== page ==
Famous places within 15 minutes walk of my house Number 10 - Mile End Park
It may look yellow from below, but that bridge in the photograph is the famous Green Bridge at Mile End. Underneath - the A11, one of London's busiest trunk roads. Over the top - a millennium-funded tree-topped bridge joining the two halves of Mile End Park. And very close by, slightly to the south, probably the most famous of all the places within 15 minutes of my house...
One particular Friday in June 1381, Mile End was swarming with revolting peasants. They'd come from the villages of Essex and Kent, roughly sixty thousand of them, to protest against the new poll tax and the general unfairness of feudal life. This was people power in action on a massive scale, and London's first ever flash mob. In an attempt to defuse this potentially explosive situation, the teenage king Richard II rode out from the Tower of London to meet the peasants here at Mile End Green. "Oi you lot!" he shouted, "I'm your king." Or some other historic words to that effect. Richard was canny enough to listen and then agree to all their demands, verbally at least. Some of the men were appeased and headed for home, but many could not be bought so easily.
The next day the remaining peasants met the King again, this time at Smithfield just outside the city of London. Their spokesman was Kentish bloke Wat Tyler who presented (and upped) the list of demands. When Wat didn't get his way an argument broke out, quickly escalating to a scuffle in which Tyler was fatally wounded. The crowd rose up and threatened the King, but young Richard bravely raised his hand and agreed to become their leader instead. Clever lad. The mob was shepherded out of town, the Peasants Revolt was over, and Mile End Green went back to being just common.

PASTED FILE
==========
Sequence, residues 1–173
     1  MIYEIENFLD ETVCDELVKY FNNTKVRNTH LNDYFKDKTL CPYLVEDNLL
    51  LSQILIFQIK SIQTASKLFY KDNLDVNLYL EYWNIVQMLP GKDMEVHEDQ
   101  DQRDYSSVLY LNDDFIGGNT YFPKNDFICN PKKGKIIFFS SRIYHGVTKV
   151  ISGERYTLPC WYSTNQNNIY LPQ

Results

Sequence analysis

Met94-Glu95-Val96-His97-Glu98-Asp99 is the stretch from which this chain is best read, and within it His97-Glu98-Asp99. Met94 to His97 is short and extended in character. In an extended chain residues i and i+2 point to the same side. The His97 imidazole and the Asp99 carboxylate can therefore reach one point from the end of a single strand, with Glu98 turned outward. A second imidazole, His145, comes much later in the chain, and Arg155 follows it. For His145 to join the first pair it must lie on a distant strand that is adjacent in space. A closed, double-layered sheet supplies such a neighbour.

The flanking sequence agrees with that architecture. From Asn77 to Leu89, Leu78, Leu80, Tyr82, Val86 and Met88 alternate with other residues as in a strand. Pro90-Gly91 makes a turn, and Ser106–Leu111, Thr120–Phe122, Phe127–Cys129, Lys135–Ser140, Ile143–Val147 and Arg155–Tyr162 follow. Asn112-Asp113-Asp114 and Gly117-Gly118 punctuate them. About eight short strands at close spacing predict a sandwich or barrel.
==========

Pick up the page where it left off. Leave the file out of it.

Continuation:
Violence returned six centuries later when Mile End was hit by London's first ever flying bomb. It was just one week after D-Day when the first V1 rocket appeared in the dawn sky over East London. Local people heard the low drone suddenly splutter to a halt, followed by an eerie silence. This being the very first doodlebug, nobody was prepared for two thousand pounds of explosives to suddenly fall from the sky, killing three people and destroying a railway bridge. So began London's doodlebug summer, with more than 2000 flying bombs launched from occupied France creating sudden havoc and destruction, especially across the south and east of the city.
After the war, East London was pock-marked by desolate bombsites. Government planners saw their chance to clear the remaining slums and rebuild. The Abercrombie plan proposed a massive increase in urban parkland, including a 90 acre strip of land alongside a mile of the Regents Canal. Houses were knocked down and industry removed to make way for the new Mile End Park. Initial enthusiasm floundered over the decades, the park suffering both from lack of facilities and lack of visitors. It took an imaginative £12 million lottery bid to bring the park back to life, the centrepiece of which is the unique GreenBridge, linking the park together at last. Mile End now boasts an open space fit for the 21st century, with themed areas for art, sport, play and ecology, and it's beautifully done. Now an oasis of calm, you'd never believe a king once nearly lost his life here at the hands of an angry mob.